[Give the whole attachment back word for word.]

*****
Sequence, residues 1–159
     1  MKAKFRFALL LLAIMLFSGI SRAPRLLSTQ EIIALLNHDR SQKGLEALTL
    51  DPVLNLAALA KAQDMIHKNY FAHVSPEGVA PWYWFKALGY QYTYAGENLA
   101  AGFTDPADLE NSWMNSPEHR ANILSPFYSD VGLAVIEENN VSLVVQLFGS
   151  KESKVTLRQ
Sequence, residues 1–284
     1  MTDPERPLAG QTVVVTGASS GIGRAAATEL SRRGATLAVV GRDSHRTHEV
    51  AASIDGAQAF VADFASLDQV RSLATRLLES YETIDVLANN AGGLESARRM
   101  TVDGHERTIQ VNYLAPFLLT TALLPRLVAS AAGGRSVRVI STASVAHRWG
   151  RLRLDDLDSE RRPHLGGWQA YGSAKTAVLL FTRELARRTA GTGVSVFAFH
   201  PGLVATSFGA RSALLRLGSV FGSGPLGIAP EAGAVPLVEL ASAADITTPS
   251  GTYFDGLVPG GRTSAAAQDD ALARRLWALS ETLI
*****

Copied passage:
Sequence, residues 1–159
     1  MKAKFRFALL LLAIMLFSGI SRAPRLLSTQ EIIALLNHDR SQKGLEALTL
    51  DPVLNLAALA KAQDMIHKNY FAHVSPEGVA PWYWFKALGY QYTYAGENLA
   101  AGFTDPADLE NSWMNSPEHR ANILSPFYSD VGLAVIEENN VSLVVQLFGS
   151  KESKVTLRQ
Sequence, residues 1–284
     1  MTDPERPLAG QTVVVTGASS GIGRAAATEL SRRGATLAVV GRDSHRTHEV
    51  AASIDGAQAF VADFASLDQV RSLATRLLES YETIDVLANN AGGLESARRM
   101  TVDGHERTIQ VNYLAPFLLT TALLPRLVAS AAGGRSVRVI STASVAHRWG
   151  RLRLDDLDSE RRPHLGGWQA YGSAKTAVLL FTRELARRTA GTGVSVFAFH
   201  PGLVATSFGA RSALLRLGSV FGSGPLGIAP EAGAVPLVEL ASAADITTPS
   251  GTYFDGLVPG GRTSAAAQDD ALARRLWALS ETLI